Abstract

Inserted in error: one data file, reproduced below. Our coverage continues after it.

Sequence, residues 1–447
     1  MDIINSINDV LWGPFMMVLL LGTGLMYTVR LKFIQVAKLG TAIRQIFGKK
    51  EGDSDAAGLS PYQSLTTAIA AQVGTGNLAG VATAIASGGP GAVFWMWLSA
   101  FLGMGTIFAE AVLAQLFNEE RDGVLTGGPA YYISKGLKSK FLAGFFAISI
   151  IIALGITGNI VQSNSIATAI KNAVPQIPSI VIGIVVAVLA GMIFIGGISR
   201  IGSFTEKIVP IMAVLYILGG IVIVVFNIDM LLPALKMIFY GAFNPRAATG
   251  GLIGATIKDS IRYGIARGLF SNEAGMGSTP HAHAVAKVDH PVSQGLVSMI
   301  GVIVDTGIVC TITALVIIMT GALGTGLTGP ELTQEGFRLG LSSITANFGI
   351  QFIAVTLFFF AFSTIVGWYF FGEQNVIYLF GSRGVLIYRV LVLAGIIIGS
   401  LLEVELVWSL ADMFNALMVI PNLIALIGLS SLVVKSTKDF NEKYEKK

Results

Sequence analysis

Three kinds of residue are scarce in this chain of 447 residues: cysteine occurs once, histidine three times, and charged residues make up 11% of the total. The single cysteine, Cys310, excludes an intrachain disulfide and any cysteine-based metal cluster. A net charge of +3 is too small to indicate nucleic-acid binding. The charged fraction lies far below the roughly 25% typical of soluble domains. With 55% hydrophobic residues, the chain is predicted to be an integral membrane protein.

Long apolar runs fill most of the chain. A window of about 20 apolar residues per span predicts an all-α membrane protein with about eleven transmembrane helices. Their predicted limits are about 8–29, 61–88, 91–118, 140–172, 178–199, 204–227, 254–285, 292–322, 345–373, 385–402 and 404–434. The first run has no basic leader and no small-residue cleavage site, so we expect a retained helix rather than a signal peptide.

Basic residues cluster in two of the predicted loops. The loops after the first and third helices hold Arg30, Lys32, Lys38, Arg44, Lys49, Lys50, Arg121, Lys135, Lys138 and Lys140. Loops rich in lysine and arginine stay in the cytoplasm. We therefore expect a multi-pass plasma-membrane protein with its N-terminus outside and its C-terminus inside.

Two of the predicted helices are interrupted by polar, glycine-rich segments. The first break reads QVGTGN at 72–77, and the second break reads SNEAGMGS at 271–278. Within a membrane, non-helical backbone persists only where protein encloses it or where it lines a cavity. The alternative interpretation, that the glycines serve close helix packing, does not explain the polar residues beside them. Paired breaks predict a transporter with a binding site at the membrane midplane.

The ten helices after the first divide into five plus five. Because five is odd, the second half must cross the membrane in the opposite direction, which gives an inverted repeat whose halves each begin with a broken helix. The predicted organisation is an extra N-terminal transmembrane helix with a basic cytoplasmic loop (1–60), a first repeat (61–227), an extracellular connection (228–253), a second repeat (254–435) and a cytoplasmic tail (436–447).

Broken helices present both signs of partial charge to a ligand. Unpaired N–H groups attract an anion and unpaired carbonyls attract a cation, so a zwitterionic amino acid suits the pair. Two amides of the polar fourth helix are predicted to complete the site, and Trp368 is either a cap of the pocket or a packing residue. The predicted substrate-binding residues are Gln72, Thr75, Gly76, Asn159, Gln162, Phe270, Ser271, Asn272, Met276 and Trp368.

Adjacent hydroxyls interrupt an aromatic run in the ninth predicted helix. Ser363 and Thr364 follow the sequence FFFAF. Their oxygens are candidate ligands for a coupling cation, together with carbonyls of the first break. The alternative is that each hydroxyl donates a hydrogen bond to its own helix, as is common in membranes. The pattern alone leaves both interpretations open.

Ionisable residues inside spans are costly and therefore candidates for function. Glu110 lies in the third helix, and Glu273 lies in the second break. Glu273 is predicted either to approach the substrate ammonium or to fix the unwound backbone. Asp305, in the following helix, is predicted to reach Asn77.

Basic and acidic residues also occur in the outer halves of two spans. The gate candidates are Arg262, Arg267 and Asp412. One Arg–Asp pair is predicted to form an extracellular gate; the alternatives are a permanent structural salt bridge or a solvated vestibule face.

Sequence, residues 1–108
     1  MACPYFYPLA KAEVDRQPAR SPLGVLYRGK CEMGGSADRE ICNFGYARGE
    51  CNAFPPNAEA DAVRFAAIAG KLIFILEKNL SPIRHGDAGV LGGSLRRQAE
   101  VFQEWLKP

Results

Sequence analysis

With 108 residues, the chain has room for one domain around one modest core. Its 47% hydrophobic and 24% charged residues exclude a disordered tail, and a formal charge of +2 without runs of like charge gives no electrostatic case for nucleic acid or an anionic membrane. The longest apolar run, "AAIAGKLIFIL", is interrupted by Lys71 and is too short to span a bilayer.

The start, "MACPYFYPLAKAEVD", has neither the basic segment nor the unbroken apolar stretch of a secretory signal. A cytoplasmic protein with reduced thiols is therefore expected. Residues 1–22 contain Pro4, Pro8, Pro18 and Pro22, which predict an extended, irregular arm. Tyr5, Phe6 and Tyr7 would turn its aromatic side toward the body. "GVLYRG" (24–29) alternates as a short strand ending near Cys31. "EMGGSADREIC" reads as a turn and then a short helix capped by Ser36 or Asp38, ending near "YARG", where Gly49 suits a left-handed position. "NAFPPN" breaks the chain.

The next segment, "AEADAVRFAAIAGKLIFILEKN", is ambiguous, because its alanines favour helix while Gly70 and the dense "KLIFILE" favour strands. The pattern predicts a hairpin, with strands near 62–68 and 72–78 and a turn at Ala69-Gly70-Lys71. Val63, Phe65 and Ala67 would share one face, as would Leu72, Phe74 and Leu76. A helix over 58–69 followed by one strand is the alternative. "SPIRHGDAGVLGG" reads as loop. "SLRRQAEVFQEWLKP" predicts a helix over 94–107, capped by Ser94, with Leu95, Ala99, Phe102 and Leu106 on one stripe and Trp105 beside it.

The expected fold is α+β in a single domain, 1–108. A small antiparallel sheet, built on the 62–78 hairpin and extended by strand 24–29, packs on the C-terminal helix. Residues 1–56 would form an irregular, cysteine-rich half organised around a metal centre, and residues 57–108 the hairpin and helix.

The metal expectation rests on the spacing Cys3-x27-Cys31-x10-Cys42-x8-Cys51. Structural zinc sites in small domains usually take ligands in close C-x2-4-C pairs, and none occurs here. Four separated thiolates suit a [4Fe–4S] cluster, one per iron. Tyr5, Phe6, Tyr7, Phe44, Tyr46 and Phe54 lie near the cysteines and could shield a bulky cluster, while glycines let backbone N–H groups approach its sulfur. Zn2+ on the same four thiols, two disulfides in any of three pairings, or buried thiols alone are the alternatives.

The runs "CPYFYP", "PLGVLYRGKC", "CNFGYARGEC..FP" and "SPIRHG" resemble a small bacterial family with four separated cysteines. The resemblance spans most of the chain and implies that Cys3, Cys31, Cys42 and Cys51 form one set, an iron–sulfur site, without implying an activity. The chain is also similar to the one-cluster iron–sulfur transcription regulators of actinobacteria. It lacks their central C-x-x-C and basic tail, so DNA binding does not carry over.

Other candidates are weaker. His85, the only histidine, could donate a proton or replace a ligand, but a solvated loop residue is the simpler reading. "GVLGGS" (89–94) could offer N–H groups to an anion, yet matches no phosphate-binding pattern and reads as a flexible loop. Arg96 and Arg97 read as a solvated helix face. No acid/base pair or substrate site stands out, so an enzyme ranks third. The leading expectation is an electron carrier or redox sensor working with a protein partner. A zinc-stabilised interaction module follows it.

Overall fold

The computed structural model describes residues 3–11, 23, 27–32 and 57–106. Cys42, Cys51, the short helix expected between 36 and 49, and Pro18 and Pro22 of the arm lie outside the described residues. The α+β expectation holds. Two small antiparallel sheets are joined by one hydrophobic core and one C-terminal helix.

Vertical-cavity surface-emitting lasers with vertically integrated electro-absorption modulators (EAM-VCSELs) potentially can reach higher modulation bandwidths than directly current-modulated VCSELs. The aforementioned device modulation capabilities are, however, currently restricted by their electrical contact parasitics. It, thus, becomes critical to optimize their access line to improve performance. In this paper, we numerically and experimentally demonstrate that a microstrip (MS) access line using a planarized benzocyclobutene (BCB) layer exhibits improved high-frequency characteristics compared to the coplanar waveguide (CPW) access line used to-date, since it reduces the losses induced by the doped substrates. We also use this opportunity to introduce an innovative technique for BCB layer planarization, which is not only compatible with the EAM-VCSEL double-mesa structure, but is also independent of the device pitch. The resulting BCB layer dielectric permittivity and losses are measured up to 100 GHz, and a side-by-side comparison of the electrical response of three-electrodes MS and CPW access lines is subsequently carried out. Finally, using the measured pad and access line RF responses and the EAM modulation characteristics, the devices with MS access are shown to be no longer limited by their electrode parasitics, but by the modulator internal impedance.

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